Submitted to: Meeting Abstract
Publication Type: Abstract Only
Publication Acceptance Date: 1/24/2015
Publication Date: N/A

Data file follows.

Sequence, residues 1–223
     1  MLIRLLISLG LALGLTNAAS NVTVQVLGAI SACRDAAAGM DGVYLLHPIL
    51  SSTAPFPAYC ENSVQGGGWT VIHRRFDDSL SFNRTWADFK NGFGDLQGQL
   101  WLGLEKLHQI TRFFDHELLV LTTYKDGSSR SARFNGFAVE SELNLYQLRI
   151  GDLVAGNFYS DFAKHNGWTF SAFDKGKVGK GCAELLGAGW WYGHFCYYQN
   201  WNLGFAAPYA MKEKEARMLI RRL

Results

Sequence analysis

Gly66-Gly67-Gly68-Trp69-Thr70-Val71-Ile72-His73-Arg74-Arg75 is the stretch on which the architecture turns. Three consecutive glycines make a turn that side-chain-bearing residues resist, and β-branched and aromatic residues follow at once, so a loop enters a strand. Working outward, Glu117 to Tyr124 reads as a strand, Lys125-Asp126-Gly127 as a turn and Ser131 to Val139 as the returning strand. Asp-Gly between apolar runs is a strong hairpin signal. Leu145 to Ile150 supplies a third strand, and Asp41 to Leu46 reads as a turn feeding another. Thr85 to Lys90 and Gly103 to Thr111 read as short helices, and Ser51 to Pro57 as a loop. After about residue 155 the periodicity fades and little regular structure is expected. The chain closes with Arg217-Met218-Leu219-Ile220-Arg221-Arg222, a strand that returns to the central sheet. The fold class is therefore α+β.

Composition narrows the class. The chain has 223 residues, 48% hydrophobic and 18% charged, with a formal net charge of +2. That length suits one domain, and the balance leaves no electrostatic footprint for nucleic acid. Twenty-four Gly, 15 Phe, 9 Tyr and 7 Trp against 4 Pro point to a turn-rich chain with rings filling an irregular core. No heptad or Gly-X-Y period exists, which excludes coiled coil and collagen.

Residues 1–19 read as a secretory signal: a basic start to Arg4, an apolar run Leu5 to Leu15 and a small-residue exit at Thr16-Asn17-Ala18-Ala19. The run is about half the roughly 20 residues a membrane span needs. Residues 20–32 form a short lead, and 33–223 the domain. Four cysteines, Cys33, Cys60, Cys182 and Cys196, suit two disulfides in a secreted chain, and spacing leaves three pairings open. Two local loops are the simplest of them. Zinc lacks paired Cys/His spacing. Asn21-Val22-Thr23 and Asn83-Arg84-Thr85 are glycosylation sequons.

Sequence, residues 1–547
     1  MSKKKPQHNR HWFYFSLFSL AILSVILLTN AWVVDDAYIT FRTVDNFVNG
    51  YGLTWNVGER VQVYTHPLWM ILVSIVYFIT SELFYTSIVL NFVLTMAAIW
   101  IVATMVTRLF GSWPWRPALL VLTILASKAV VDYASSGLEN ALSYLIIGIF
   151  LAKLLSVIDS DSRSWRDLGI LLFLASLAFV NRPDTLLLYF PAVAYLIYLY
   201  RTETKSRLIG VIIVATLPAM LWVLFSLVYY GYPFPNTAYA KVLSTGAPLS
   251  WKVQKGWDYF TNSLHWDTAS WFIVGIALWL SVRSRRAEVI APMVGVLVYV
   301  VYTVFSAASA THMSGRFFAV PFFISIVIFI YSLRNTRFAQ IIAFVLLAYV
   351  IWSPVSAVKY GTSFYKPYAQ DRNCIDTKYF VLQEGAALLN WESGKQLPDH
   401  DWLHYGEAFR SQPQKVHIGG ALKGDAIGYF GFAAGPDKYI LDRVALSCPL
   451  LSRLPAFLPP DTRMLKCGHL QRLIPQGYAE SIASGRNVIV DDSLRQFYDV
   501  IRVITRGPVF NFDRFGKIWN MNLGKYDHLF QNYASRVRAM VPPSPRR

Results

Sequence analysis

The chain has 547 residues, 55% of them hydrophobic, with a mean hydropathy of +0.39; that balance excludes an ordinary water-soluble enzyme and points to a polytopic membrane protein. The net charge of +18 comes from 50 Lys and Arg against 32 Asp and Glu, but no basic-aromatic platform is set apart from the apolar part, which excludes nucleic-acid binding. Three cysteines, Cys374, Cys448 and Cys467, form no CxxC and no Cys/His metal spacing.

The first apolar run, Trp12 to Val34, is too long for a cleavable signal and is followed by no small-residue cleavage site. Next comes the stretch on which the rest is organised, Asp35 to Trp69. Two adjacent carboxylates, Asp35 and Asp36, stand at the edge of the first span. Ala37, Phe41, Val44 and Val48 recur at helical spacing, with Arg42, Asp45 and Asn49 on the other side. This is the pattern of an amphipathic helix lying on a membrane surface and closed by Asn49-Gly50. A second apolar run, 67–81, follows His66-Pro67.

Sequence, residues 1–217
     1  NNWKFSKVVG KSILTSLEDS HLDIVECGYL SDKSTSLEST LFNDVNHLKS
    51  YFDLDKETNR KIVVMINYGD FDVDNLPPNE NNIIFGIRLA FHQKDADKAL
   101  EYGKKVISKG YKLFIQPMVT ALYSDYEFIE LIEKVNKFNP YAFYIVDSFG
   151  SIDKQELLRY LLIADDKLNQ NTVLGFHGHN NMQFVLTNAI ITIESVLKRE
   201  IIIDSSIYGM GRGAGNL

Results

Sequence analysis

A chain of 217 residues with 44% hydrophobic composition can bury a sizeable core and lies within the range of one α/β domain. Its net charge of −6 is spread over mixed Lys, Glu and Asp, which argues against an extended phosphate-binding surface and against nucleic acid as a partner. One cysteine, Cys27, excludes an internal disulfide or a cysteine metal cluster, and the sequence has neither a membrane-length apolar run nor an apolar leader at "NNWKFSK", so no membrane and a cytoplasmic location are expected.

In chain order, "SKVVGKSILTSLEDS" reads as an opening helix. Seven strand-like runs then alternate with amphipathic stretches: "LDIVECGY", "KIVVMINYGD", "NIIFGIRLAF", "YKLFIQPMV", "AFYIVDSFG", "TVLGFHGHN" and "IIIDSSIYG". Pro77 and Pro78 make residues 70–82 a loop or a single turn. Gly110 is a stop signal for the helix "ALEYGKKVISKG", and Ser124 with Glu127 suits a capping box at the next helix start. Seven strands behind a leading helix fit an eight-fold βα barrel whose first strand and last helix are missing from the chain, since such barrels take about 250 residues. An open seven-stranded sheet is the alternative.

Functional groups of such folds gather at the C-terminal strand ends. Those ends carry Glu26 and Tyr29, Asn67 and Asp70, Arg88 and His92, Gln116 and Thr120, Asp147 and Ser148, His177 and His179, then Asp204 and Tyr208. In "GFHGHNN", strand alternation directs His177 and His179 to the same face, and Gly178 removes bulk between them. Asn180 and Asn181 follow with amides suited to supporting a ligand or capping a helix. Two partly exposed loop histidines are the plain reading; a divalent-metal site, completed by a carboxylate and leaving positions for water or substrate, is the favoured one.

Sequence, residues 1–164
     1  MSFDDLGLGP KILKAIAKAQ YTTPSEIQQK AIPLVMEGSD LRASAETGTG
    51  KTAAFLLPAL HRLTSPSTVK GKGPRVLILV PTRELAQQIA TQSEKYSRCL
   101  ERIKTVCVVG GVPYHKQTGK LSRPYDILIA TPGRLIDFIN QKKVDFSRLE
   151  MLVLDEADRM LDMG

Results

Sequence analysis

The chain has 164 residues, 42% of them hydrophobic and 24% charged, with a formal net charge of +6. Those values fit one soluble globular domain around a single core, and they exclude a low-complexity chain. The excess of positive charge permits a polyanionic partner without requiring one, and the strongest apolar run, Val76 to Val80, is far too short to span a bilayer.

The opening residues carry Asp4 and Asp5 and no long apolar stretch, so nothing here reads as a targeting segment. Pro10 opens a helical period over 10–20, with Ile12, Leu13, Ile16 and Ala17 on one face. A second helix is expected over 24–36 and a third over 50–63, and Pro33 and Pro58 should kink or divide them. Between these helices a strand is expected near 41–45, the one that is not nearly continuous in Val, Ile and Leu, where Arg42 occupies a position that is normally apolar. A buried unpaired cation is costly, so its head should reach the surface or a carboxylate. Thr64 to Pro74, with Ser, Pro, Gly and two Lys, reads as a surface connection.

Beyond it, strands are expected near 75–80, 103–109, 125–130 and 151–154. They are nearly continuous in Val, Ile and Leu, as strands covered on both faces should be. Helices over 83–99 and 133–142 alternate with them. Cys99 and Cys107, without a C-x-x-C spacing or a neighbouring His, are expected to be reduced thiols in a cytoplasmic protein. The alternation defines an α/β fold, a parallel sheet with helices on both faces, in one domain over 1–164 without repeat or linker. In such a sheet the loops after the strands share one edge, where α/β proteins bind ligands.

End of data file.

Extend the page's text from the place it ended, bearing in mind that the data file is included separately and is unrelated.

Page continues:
Technical Abstract: Newcastle disease virus (NDV) causes a range of clinical disease ranging from asymptomatic infection to severe disease with high mortality. Vaccination for NDV is practiced almost worldwide in commercial chickens. Attenuated live vaccines are most commonly used, with recombinant vaccines becoming increasingly popular. The target species for a recombinant NDV (rNDV) vaccine are poultry species. However, since NDV infects at least 250 bird species, non-target species (wild birds) could be exposed and infected with these vaccine viruses. In spite of that, the infectivity and transmissibility of rNDV vaccines have not been examined in non-poultry species. The widespread use of these vaccines and the routes of administration–which include aerosol or drinking water, pose an extremely high risk of exposure of the vaccine to wild birds. This study is part of a series of pathogenesis studies that aims to evaluate the infection and transmission of wild type and vaccine strains of NDV in non-target species. If these species can transmit the virus, this could result in the unrestricted spread of potentially pathogenic variants to other poultry farms and to wildlife. In this portion of the study, Japanese Quail are being evaluated. Quail are often kept with other poultry species, and could potentially increase transmission and magnify the outbreaks. In fact, ND outbreaks have occurred in Japanese Quail in Nigeria in 2004 and in 2008. Two experiments were conducted. The first experiment aimed to study transmission and replication of different rNDV. In this experiment, 4 week old Japanese Quail were divided into groups of 5 birds and infected with either virulent rNDV; ZJ1-L , rNDV of low virulence; ZJ1 (rZJ1-L), rNDV of the vaccine strain LaSota (rLaSota) or rNDV LaSota strain also containing the H5 avian influenza insert (rLaSota-H5) at day 0 post infection (dpi). At 2 dpi, four un-inoculated birds were placed with each group of inoculated birds. Clinical signs and mortality were recorded daily and birds were swabbed every other day until 14 dpi. The second experiment aimed to study the transmission and clinical signs caused by wild type strains of NDV. Four week old Japanese Quail were divided into groups of 7 birds, and each group was infected with either CA02, Nigeria 2, Nigeria 23, Pk/Karachi/33 or Israel/826 all wild type NDV strains. Three un-inoculated birds were placed with each of the groups at 0 dpi. Similar to the first experiment, clinical signs and mortality were recorded daily and birds were swabbed every other day until 14 dpi. Clinical disease, mortality, number of birds shedding, number of contact birds infected, amount of virus shed, and sero-conversion rates were examined.